14. Establishing a framework for building multidisciplinary programs

    Directory of Open Access Journals (Sweden)

    Meguid C


    Full Text Available Cheryl Meguid,1 Carrie E Ryan,2 Barish H Edil,1 Richard D Schulick,1 Csaba Gajdos,1 Megan Boniface,1 Tracey E Schefter,3 W Thomas Purcell,4 Martin McCarter1 1Department of Surgery, Division of GI, Tumor, and Endocrine Surgery, Section of Surgical Oncology, University of Colorado Hospital, Aurora, CO, 2Morsani College of Medicine, University of South Florida, Tampa, FL, 3Department of Radiation Oncology, University of Colorado Denver, Denver, CO, 4Department of Medicine, Division of Medical Oncology, University of Colorado Hospital, Aurora, CO, USA Abstract: While most providers support the concept of a multidisciplinary approach to patient care, challenges exist to the implementation of successful multidisciplinary clinical programs. As patients become more knowledgeable about their disease through research on the Internet, they seek hospital programs that offer multidisciplinary care. At the University of Colorado Hospital, we utilize a formal multidisciplinary approach across a variety of clinical settings, which has been beneficial to patients, providers, and the hospital. We present a reproducible framework to be used as a guide to develop a successful multidisciplinary program. Keywords: multidisciplinary clinic, patient centered, tumor board

  15. Reflections on the journey: six short stories. (United States)

    Haynie, Sharon L; Hinkle, Amber S; Jones, Nancy L; Martin, Cheryl A; Olsiewski, Paula J; Roberts, Mary F


    One of the goals of the 2011 International Year of Chemistry is to celebrate the contributions of women to science. A question that has been frequently asked in this regard is... Why is it necessary to highlight women in the "age of equality"? The reasons are varied but the facts are that many women scientists worked in obscurity throughout the 19th and even well into the 20th century, sometimes publishing anonymously to be heard. This celebration of Women in Science is one way to recognize both the resiliency and passion of these women. As part of this celebration, Chemistry Central Journal's Thematic Series of "Women in Chemistry" includes this article describing the path several women took as they pursued chemistry careers spanning the latter part of the 20th century and into the early 21st century. Sharon Haynie, Nancy Jones, Cheryl Martin, Paula Olsiewski, Mary Roberts and Amber Hinkle each have unique story of their personal journey from childhood to adulthood. As you read these stories, listen generously, and feel free to share your own stories, comments and thoughts.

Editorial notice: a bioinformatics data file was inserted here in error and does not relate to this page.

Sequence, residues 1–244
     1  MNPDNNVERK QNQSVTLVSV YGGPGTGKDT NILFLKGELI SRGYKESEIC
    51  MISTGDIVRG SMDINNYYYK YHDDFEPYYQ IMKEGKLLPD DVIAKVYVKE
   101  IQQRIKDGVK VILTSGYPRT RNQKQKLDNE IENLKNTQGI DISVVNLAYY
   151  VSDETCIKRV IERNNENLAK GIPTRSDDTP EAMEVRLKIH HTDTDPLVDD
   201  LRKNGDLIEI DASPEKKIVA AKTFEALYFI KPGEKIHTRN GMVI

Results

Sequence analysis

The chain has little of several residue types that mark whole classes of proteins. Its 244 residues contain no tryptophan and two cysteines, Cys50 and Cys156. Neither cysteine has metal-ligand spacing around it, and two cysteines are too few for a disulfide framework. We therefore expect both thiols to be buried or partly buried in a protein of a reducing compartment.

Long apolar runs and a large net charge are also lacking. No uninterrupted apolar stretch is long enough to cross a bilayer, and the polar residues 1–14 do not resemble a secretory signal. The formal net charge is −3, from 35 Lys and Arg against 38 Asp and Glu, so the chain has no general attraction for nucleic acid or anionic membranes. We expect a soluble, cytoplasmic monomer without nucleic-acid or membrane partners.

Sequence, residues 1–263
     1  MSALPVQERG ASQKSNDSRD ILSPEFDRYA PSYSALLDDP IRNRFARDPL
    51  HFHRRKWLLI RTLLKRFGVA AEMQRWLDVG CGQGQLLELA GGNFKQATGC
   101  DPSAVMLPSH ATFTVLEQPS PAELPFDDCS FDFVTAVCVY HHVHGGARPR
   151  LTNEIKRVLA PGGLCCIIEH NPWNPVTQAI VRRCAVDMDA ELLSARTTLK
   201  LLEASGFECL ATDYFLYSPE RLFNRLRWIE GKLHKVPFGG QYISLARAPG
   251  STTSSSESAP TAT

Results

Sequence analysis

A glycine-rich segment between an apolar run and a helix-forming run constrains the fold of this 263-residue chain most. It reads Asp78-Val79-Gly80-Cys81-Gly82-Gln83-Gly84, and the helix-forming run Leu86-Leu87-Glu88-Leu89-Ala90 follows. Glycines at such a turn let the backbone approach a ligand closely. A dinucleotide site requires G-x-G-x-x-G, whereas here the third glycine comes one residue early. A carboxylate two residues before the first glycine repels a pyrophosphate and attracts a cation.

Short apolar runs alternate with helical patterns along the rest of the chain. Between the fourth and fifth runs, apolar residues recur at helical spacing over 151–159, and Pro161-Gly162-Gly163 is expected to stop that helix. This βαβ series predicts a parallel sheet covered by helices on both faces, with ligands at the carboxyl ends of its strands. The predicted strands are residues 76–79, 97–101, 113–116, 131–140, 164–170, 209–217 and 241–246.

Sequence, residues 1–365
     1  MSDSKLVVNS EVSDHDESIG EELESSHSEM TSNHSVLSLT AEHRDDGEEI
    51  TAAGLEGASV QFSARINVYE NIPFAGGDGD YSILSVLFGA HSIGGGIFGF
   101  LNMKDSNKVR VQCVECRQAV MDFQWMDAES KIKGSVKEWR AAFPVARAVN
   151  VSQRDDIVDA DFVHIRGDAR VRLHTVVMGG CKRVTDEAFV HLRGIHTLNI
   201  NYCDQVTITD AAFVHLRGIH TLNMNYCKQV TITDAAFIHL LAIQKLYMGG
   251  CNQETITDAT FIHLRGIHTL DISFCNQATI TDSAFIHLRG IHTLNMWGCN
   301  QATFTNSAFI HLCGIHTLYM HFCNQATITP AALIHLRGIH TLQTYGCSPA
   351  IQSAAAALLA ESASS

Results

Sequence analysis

16. Becoming-Ariel: Viewing Julie Taymor’s The Tempest through an Ecocritical Lens

    Directory of Open Access Journals (Sweden)

    Clare Sibley-Esposito


    Full Text Available The burgeoning field of ecocriticism takes what Cheryll Glotfelty has referred to as an “earth-centered approach” to cultural productions, with ecocritics sharing a concern with the interconnectedness of human and non-human spheres. This article presents a brief overview of some ecocritical readings of The Tempest, before interpreting Julie Taymor’s cinematographic adaptation in the light of such considerations. Taymor attributes a rather unproblematic power of manipulation of the natural world to her Prospera, yet some of her directorial choices, operating within the specificity of the film medium, tend nonetheless to highlight certain ecocritically-relevant dimensions of Shakespeare’s text. By viewing the film through an ecocritical lens, whilst borrowing terminology from Gilles Deleuze and Félix Guattari, the figure of Ariel can be seen as operating on a “molecular plane” of ontological interconnectivity, in contrast to the “molar mode” of binary oppositions inherent in Prospera’s desire to dominate natural forces.

  17. Parent–Child Interaction Therapy: current perspectives

    Directory of Open Access Journals (Sweden)

    Lieneman CC


    Full Text Available Corey C Lieneman, Laurel A Brabson, April Highlander, Nancy M Wallace, Cheryl B McNeil Department of Psychology, West Virginia University, Morgantown, WV, USA Abstract: Parent–Child Interaction Therapy (PCIT is an empirically supported intervention originally developed to treat disruptive behavior problems in children between the ages of 2 and 7 years. Since its creation over 40 years ago, PCIT has been studied internationally with various populations and has been found to be an effective intervention for numerous behavioral and emotional issues. This article summarizes progress in the PCIT literature over the past decade (2006–2017 and outlines future directions for this important work. Recent PCIT research related to treatment effectiveness, treatment components, adaptations for specific populations (age groups, cultural groups, military families, individuals diagnosed with specific disorders, trauma survivors, and the hearing-impaired, format changes (group and home-based, teacher–child interaction training (TCIT, intensive PCIT (I-PCIT, treatment as prevention (for externalizing problems, child maltreatment, and developmental delays, and implementation are discussed. Keywords: PCIT, adaptations, implementation, effectiveness